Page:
You will still probably find yourself asking “what if” and going over your decisions – that’s natural and even helpful (providing it doesn’t go too far). But if you can feel your thoughts starting to circle, remind yourself that “it’s done” and take steps to redirect your thoughts.
Ask Forgiveness, Not Permission
Productivity expert and author Ali Abdaal thinks you should tackle the fear of uncertainty head-on. As he explains: “Rather than sitting on that idea you have and overthinking the consequences you should do it and then (if needed) seek forgiveness.”
This may be easier to apply to personal creative projects as you’ll only have to ask for forgiveness from yourself if it doesn’t pan out. However, it’s worth keeping in mind as it may help you to become more comfortable with taking a trial-and-error approach to your ideas.
Reframe Your Thought Process
Practicing mindfulness encourages you to be more aware of your thought patterns, meaning you’ll have a better chance of spotting overthinking before it can take hold.
It also gives you a chance to reframe any unhelpful thoughts. For example, a study showed that when presented with two new medical treatments, one described as 95% effective and the other as 5% ineffective, we’re drawn to the first, positive-sounding framing of the data. The researchers, Nathan Furr and Susannah Harmon Furr, say that by using this behavior to your advantage and intentionally choosing to focus on the upsides instead of the down, you can reduce your fearful reaction to uncertainty.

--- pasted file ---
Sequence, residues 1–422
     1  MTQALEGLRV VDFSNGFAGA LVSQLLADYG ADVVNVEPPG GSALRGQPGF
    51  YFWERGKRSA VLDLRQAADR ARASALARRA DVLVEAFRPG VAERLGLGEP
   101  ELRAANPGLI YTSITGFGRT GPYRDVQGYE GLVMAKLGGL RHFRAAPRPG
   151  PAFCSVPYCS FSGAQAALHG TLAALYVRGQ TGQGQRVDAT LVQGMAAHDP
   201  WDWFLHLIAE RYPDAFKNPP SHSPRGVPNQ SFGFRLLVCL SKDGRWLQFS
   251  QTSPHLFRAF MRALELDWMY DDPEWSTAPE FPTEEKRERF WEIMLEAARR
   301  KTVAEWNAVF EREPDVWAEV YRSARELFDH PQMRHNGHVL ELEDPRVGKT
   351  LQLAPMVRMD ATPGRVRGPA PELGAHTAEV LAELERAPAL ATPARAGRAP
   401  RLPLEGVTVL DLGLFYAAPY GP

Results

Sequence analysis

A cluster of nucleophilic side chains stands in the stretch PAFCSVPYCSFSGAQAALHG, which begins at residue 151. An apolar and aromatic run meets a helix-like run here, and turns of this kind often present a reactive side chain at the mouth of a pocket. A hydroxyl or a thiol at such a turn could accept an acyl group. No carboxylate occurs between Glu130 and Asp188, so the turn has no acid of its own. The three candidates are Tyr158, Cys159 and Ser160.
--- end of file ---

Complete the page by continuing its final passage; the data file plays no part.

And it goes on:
Inject Some Objectivity
Use a framework when evaluating your ideas. That way you’ll be able to systematically review your ideas or choices and then compare them to make a confident choice (and stick with it!) rather than constantly wondering whether you’ve asked the right questions.
You can also develop strategies for introducing some objectivity at an appropriate point, limiting the anxiety you might be feeling about how others will react. You can then tailor your feedback process so that when you do share your work, you can ensure you’re getting the specific and targeted input you need.
Thinking Creatively Without Overthinking
Creativity is always going to involve a certain level of uncertainty. Considering possibilities and weighing the pros and cons is a vital part of the creative process. However, when that turns into cyclical, unproductive overthinking, it can delay your projects, drain your mental resources, and undermine your creative confidence.
Once you know how to watch out for overthinking, it should be much easier to think deeply without thinking too much.